All dental practices do marketing, even those that insist that they don’t. That’s because marketing is the message that is conveyed to people before, during and after they become patients.
A website is marketing. A letterhead, business card, the texture, weight and color of the paper and the font used are all forms of marketing. How your employees act, and look are marketing. The color of the office walls, type of floor covering, lighting and cleanliness are all forms of marketing.
Dissonance and disconnect occur when Doctors or their advisors recommend marketing that is inconsistent with the actual experience the practice desires, or the experience a patient receives.
One of the most common mistakes occurs when a marketing campaign is undertaken, and all the members of the practice team are unaware. Imagine promoting a service such as veneers or orthotics and offering a limited time fee reduction, and not telling the person who answers the phone that the offer was being marketed?
Imagine when the person presenting the financial arrangements isn’t made aware of such an offer?
Perhaps the greatest disconnect I the marketing-treatment cycle occurs when the marketing is not crafted in a way that facilitates the treatment and financial presentation processes. This process is referred to as EDUCATION and PREFRAMING.
When a patient is educated prior to their visit about what is going to happen at the visit and the experience follows the plan, they are less stressed and hence able to absorb more information. That enables them to appreciate the need for treatment or the connection with what they desire.
As marketing impacts patient expectation, it also facilitates treatment. It cuts down on complaints and encourages compliance.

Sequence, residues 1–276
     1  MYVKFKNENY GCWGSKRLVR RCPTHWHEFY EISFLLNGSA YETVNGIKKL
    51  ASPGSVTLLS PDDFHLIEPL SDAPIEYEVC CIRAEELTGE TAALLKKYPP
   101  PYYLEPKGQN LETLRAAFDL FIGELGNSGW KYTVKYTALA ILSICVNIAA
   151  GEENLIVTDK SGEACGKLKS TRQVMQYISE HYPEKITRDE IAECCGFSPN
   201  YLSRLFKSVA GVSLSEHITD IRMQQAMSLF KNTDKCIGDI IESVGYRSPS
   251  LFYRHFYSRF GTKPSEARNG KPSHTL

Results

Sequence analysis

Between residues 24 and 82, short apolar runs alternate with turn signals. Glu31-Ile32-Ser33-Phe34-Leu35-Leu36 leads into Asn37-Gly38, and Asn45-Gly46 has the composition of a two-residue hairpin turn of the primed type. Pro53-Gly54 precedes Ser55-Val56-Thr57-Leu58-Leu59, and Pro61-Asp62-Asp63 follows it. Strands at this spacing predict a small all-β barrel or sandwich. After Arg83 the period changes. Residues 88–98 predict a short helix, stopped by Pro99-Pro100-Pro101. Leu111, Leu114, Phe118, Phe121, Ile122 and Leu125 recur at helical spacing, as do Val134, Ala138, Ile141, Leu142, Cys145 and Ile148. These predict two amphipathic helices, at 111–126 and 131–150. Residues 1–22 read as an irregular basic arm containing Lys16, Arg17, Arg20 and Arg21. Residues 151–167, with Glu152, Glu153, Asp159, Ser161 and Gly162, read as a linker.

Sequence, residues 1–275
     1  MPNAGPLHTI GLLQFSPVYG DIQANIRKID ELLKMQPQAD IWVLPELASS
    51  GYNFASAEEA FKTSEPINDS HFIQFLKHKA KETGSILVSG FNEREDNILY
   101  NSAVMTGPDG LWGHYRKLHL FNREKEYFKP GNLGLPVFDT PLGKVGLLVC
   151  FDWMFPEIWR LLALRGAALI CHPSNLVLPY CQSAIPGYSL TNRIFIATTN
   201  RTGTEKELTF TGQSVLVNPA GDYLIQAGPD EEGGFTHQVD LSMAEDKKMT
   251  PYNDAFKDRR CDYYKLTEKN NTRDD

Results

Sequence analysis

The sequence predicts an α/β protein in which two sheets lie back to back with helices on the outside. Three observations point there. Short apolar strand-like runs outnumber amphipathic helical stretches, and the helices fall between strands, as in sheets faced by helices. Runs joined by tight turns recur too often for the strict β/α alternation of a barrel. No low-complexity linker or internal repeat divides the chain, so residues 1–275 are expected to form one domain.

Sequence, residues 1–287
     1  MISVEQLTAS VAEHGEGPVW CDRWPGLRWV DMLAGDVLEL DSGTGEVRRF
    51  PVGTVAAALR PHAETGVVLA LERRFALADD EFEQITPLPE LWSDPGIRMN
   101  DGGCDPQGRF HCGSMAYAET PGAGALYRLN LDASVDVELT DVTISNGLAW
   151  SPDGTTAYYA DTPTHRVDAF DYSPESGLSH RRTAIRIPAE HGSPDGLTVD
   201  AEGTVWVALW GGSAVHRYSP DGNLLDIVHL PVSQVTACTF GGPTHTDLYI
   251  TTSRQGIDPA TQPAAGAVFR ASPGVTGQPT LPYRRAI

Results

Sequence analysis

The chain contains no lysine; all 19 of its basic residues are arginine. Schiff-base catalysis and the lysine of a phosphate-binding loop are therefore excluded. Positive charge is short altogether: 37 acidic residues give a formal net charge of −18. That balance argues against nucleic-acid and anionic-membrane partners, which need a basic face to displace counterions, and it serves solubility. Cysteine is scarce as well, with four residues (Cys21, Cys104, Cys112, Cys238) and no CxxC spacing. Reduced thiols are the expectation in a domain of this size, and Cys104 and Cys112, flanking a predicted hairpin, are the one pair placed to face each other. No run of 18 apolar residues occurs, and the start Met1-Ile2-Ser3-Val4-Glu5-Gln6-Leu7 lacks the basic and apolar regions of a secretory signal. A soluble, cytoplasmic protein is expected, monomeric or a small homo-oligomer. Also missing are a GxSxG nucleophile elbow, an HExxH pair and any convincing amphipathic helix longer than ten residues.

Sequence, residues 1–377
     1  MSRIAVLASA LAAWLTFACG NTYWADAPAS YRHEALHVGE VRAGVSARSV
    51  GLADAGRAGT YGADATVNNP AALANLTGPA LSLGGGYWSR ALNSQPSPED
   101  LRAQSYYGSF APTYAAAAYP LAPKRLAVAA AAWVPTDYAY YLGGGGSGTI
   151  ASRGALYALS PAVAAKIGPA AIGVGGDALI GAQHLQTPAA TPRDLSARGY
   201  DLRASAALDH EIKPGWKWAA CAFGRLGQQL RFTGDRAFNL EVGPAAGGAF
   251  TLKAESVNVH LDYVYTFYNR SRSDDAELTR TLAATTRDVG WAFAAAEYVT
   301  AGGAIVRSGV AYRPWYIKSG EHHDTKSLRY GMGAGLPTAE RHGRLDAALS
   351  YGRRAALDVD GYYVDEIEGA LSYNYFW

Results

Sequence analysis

PRE-FRAMING is the process of connecting potential treatment to things the patient already knows or is taught. Discussing how an oral sleep appliance compares to CPAP, Inspire or surgery in process, comfort and cost and doing this PRIOR to a treatment presentation is preframing and is the function of properly designed marketing.
While becoming a comprehensive marketing expert is nearly impossible while keeping your eyes on your main business activities, it is also unnecessary.
What is necessary is that you have a comprehensive strategy and an effective way to implement it.
The most effective use of your time is to educate yourself. Become a smart consumer of marketing. Don’t be an easy mark for the typical dental marketer who knows only a little bit more than you do. Don’t be fooled by technological terminology and vague promises. Don’t be lulled into complacency and let marketers swipe your credit card month after month, while your phones don’t ring and your operatory chairs are empty.
Educate yourself. Build a strategy and plan for a way to implement it with a company you can both TRUST and VERIFY.
To your excellent success and clarity,